4 Criteria Every Indie Beauty Brand Must Meet To Be Considered By Ulta Beauty Today
Adit Live, the trade show produced by Beauty Independent parent company Indie Beauty Media Group, is prime territory for trend scouting—and that’s just what Josie Ostrowski, senior manager of new brand partnerships at Ulta Beauty, was doing late last month as she checked out the over 60 brands exhibiting at it in New York City’s Metropolitan Pavilion.
“Innovation in devices is always on our radar, and there’s a lot here to look at,” said Ostrowski on the show floor. “We need to ensure that we’re offering our guest whatever that at-home device or tool experience can be. So, it’s always good to see what’s emerging in that space.”
Ostrowski points to the popularity of Solawave as indicative of consumers’ continued commitment to pandemic-era rituals that connect self-care to skin health. The device brand, which utilizes red light therapy to tackle the appearance of fine lines, wrinkles and dark circles, has been seeing traction with customers at Ulta recently.
Adit Live was chock full of international brands aiming to break into the American beauty market. They came from Canada, Germany, Wales, France, Australia and Mongolia—and more countries. International brands that harness local ingredients to power their formulations stood out to Ostrowski. She said, “I’m seeing a lot of native ingredients and beauty emerging from certain markets, which I love.”
Brands offering premium packaging and formulas at accessible prices also resonated with Ostrowski at Adit Live as did brands embodying the growing convergence between beauty and wellness. The latter was a key trend that Ostrowski and her colleague Muffy Clince, director of emerging brands at Ulta, picked up on at Adit Live Los Angeles last November, too.
Ostrowski said, “I’m seeing a lot of skincare brands with supplements and those that connect inner and outer beauty together here. At Ulta Beauty, we’re seeing consumers approach beauty and wellness more holistically as they look to achieve the very best version of themselves.”
Supplements are performing briskly in The Wellness Shop, a platform Ulta launched in May 2021 after it had rolled out a smaller wellness section two years earlier. The Wellness Shop spans six wellness subcategories that Ulta calls Everyday Care, Supplements and Ingestibles, Relax and Renew, Down There Care, Spa At Home and Intimate Wellness. Its assortment spans over 700 stockkeeping units from 140 brands and is available online and in 800 of Ulta’s 1,300-plus stores. Intimate Wellness, the sixth and newest pillar, is only available online.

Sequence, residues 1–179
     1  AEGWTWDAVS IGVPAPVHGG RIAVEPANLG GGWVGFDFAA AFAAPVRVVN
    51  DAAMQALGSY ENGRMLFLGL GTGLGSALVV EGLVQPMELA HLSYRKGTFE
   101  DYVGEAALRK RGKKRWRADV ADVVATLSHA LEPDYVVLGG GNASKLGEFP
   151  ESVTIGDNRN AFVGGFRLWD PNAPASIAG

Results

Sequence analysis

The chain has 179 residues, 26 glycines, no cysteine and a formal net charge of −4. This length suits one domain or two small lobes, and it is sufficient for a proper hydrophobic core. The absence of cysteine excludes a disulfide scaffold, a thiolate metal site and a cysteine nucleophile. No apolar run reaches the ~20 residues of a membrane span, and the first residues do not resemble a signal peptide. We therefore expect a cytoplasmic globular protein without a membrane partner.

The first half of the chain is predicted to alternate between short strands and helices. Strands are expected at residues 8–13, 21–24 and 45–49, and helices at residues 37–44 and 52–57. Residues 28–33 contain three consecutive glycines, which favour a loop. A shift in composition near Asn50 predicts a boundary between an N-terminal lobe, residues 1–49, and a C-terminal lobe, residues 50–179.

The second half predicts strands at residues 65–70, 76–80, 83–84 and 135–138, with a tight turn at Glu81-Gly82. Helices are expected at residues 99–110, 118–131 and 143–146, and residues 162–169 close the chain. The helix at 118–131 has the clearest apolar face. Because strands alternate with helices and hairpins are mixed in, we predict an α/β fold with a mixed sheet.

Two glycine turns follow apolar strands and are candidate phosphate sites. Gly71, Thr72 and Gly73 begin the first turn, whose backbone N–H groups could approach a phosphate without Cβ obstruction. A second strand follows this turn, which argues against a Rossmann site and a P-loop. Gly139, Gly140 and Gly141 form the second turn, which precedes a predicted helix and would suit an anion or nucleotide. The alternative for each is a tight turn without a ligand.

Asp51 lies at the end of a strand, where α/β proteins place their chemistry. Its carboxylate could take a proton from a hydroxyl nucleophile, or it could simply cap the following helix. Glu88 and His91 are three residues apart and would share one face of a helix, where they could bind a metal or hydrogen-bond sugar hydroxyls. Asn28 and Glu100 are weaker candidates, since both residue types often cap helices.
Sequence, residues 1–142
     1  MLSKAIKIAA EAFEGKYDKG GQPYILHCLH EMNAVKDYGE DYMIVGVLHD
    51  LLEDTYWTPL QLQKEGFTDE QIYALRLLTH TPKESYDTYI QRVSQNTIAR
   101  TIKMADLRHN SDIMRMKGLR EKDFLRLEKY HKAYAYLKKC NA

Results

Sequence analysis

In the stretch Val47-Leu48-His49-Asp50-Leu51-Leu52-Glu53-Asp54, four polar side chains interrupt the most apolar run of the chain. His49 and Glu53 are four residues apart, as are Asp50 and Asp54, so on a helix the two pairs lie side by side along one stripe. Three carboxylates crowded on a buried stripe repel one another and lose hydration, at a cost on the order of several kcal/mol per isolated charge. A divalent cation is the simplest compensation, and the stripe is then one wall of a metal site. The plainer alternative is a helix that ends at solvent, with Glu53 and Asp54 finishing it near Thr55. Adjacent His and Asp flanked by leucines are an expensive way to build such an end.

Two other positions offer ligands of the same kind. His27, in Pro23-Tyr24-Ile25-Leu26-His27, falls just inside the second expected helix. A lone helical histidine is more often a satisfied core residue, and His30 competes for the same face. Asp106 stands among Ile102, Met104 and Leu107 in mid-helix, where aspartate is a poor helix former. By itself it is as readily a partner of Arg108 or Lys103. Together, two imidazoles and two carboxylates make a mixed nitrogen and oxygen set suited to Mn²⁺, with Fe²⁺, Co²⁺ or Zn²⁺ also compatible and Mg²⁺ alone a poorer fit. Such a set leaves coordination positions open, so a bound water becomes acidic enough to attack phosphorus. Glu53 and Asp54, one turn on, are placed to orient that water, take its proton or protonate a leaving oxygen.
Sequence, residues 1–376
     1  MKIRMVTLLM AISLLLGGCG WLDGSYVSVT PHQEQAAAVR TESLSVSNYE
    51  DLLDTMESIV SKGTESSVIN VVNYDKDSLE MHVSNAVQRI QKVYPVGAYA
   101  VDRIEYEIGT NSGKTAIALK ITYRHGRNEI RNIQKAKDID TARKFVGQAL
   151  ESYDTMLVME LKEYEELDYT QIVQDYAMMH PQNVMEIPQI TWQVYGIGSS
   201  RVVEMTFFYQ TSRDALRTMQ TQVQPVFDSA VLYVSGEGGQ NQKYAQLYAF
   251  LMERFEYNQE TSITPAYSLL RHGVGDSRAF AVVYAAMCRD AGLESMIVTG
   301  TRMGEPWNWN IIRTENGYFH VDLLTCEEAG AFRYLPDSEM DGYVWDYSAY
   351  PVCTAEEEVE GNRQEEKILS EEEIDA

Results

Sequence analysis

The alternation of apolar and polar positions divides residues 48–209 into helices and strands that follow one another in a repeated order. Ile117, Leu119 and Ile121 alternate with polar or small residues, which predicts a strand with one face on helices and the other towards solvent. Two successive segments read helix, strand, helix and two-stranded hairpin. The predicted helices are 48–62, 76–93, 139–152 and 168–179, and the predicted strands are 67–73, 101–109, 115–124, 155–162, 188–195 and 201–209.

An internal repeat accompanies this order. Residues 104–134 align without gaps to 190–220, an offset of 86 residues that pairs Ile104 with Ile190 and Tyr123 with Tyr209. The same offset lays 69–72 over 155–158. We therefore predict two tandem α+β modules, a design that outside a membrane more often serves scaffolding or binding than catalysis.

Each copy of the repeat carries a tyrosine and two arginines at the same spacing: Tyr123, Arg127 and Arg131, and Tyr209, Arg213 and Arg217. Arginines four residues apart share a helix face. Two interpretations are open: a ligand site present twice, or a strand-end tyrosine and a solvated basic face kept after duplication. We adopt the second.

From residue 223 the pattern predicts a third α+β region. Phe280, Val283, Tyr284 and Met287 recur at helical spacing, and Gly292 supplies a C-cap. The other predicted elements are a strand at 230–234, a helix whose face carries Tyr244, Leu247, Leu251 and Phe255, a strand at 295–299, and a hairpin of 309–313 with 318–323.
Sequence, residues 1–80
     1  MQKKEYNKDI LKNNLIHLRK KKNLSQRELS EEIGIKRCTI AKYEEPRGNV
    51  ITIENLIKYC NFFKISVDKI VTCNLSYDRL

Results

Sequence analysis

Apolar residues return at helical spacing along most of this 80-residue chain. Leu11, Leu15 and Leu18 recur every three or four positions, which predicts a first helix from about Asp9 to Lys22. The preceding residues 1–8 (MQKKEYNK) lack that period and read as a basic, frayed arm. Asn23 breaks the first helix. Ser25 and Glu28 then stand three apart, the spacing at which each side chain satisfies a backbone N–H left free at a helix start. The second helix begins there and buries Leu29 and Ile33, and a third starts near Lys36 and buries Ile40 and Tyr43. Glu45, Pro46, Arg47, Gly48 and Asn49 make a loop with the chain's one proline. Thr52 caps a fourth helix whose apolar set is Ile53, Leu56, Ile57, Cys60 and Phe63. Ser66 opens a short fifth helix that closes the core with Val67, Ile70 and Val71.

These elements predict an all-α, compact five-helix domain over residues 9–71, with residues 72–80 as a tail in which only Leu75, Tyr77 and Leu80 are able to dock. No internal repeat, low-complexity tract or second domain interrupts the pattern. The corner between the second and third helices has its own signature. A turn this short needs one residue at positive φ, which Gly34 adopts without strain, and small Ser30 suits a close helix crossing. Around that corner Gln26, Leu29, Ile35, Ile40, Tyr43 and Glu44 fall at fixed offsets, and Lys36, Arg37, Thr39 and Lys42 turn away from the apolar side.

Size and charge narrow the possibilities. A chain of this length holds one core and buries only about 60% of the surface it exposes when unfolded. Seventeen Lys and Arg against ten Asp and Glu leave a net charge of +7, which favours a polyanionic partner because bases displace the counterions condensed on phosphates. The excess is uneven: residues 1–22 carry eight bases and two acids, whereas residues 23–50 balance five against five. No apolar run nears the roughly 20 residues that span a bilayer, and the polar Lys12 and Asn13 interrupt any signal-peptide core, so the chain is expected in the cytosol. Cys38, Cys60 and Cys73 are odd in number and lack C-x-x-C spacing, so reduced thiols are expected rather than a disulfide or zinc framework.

Love Wellness, Lemme, SugarBear Hair and Golde are Ulta’s top-selling brands in the Supplements and Ingestibles category. In the Everyday Care and Spa category, customers are gravitating toward body exfoliants, body oils, body creams, natural deodorants and scalp scrubs from the brands Megababe, OSEA, Briogeo, Tula and Ouai.
Ostrowski spells out that brands have to meet four important criteria to garner attention from merchants at Ulta. They are true points of difference in a crowded beauty arena, alignment with the retailer’s initiatives such as The Wellness Shop or the Conscious Beauty selection, existing brand awareness and the ability to reach Ulta customers through social media or marketing campaigns, and scalability.
In the teeming beauty industry, Ulta is now laser-focused on bringing in brands that rise above the fray by utilizing exclusive ingredients or formulations. Ostrowski said, “When you think about the innovation cycle of beauty, there’s been so many brands that have come to market. Standing out with a proprietary ingredient or a blend or a formula can be really impactful.”
Waterless brands and brands specializing in refillable packaging represent white spaces Ulta is watching. However, Ostrowski believes the customer needs additional time to adopt those trends before the retailer dives in with a strategy. She said, “The quality is really starting to get there in those spaces, but they represent a change of consumer behavior.”
As Ulta contemplates assortment opportunities, it’s dealing with slowed momentum that recently tanked its stock. During the retailer’s first quarter earnings call, CEO Dave Kimbell said, “Category growth is healthy, but moderating as we lap two years of unprecedented growth. And as category growth normalizes, promotional activity is increasing.”
While sales remain robust, margins are getting squeezed. Ulta is contending with retail theft and lofty supply chain costs. Net sales increased 12.3% for the quarter to $2.6 billion, and comparable sales advanced 9.3%. Foot traffic saw double-digit growth, which boosted the retailer’s total number of transactions by 11%.
Average order value, though, decreased by 1.5% as customers picked up less items per shopping trip. Operating margin declined to 16.8% of sales, compared to 18.7% in the same period a year ago. Gross margin fell 10 basis points year-over-year to 40% of sales. A few months prior, Ulta reported that its 2022 full-year revenue surpassed $10 billion for the first time ever.
The Ordinary, Drunk Elephant, Hero Cosmetics, Bubble, Beautycounter and Byoma buoyed the skincare category in the first quarter. The category registered double-digit sales growth in prestige and mass. Virtually all other categories experienced decelerated demand. Fragrance and bath delivered low double-digit growth, and makeup registered high single-digit growth. Brands from Ulta’s new luxury assortment like Dior and Natasha Denona helped to propel the category as did launches from masstige and drugstore brands like About Face, NYX and E.l.f. Cosmetics.
Haircare sales were flat as hair color and haircare products offset lower demand in tools. Bond builders and scalp treatments along with products formulated to hydrate and style hair from emerging brands such as Donna’s Recipe, Odele, Divi and Andrew Fitzsimons saw upticks.